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Journeys Through America is a nonprofit organization providing educational material for all school-aged children across the country. The program will form partnerships with local school districts to provide children with a new, interactive, educational experience integrating the history of America and its National Parks. Journeys Through America's goal is to foster a fun and adventurous learning environment that will promote altruistic growth within our children and our greater community.

Cycling Your Way Through Our Parks

By Mar 15th 2011 No Comments »

One thing that was apparent while traveling through our National Parks during the summer of 2010 was that every park visited had something to offer for those looking to ride bikes during their visit. In fact, quite a few may offer better views of their surroundings while being on two wheels instead of four. For instance, Acadia National Park has 45-miles devoted to their dirt-road infrastructure – better known as the Carriage Roads.  Unfortunately for most travelers – and even Karianne & I, where hauling bicycles 17,000 miles across the country just didn’t seem suitable, getting themselves to the park is half the battle – dealing with flights, car rentals, equipment rentals, etc – bringing a bicycle is just not possible.

However – I think (and I hope) that we are seeing some new trends in the benefit of the two-wheeled mobile, making exploring our parks that much easier and that much funner.

At the Grand Canyon, Bright Angel Bicycle’s is the first bike rental shop to open its doors on the South Rim. However, their arrival wasn’t so ‘grand’ as they were met with some hesitations from the park.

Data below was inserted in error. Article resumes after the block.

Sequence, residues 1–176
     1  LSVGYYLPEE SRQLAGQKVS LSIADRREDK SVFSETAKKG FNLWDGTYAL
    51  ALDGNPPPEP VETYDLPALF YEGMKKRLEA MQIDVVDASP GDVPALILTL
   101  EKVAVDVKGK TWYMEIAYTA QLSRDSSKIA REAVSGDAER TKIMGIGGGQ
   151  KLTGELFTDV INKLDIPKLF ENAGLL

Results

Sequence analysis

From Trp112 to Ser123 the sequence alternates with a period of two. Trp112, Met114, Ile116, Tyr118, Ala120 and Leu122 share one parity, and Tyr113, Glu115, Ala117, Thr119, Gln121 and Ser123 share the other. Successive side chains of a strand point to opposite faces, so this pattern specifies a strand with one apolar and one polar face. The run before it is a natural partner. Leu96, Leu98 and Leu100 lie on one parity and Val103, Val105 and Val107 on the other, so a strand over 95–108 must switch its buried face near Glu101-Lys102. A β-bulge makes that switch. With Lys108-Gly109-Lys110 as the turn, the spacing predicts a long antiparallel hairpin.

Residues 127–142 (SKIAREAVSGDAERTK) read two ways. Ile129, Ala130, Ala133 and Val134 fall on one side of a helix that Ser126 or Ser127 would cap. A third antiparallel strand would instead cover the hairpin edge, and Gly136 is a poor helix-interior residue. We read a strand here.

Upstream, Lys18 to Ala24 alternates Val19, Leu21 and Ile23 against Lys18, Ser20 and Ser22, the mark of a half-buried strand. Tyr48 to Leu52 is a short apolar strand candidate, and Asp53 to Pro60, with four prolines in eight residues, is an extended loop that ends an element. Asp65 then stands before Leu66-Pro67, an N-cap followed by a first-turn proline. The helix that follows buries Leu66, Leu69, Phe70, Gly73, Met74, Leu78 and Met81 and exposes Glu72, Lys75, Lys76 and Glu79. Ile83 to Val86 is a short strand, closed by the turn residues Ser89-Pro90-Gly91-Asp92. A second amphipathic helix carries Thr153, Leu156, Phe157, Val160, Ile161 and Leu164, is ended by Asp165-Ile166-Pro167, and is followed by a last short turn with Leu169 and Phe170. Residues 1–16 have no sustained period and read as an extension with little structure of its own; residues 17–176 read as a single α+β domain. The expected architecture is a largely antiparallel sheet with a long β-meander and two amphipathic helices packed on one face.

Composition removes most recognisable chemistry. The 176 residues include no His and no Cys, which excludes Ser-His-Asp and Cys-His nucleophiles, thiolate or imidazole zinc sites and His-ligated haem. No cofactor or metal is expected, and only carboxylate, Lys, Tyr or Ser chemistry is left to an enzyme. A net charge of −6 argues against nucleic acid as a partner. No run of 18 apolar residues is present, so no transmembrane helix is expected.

“We got turned away a couple of times when we tried to do this,” says Wes Neal, owner of Bright Angel Bicycles. “But we had a vision and we stuck to it. That’s the key to our success. We knew it was going to make the park better and improve the overall visitor experience. And that’s the park’s goal, too.”

Bike rental and interpretive bike tours at the Canyon are a big hit with the visiting public. The feedback has been very positive, and people are enjoying the chance to see much more of the park than they could if they were walking or driving, and getting fresh air and exercise in the bargain. A bike shuttle service, with drop-off and pickup, is quite well received too, as there is one climb that can cause trouble for riders not used to riding at 7,000 feet.

From the park’s perspective it’s been a hit, as well. Visitor who bike help reduce auto traffic and congestion on park buses, both systems nearly overloaded by the popularity of the park.  Bright Angel submits a monthly report about to keep park staff up-to-date on rental activities and challenges that arise (which, thankfully, haven’t been many).

In the future, Bright Angel hopes to introduce “smart bikes”, allowing visitors to swipe a card and check out a bike and helmet at several locations in the park.  And they’re hoping to work with the park on a staff bike-sharing program, since many park personnel already ride their bikes to work.

The goal of bicycling in national parks is not extreme speed or thrills, but quiet, nonpolluting transportation and a deeper visitor experience.  For visitors seeking the sense of freedom, energy, and healthfulness that the national parks embody, two wheels can be just the right speed.
(http://www.cityprojectca.org/blog/archives/8317)

Fortunately for us, the initiatives don’t just stop there. Other parks are welcoming the idea of bike rentals for use by tourists, volunteers and park staff in efforts to keep the park more eco-friendly – cutting back on automobile congestion, traffic, and noise and air pollution.  At Zion National Park, they’ve introduced the “Green Fleet,” a ‘fleet’ of 17 bicycles to be used by park employees, volunteers and other staff members to help them get to and from administrative buildings, visitor centers and other operational facilities.

It seems that before you know it the main source of transportation at our national parks will be on two wheels as opposed to four. That’s certainly not a bad thing – the physical and mental health benefits certainly seem to out-weigh all potential ‘downfalls’ to biking in our national parks. In fact, I don’t really see any potential downsides to that notion, do you?

When Karianne and I were leaving Acadia National Park we wished two things (in addition to a trip extension, of course)…we, 1) wished we had bicycles so we could have explored more of the park grounds in a day and 2) that they had on-site bike rentals for those of us who couldn’t make it to the park with one.  Hopefully, by the time we return, one of our wishes will come true.

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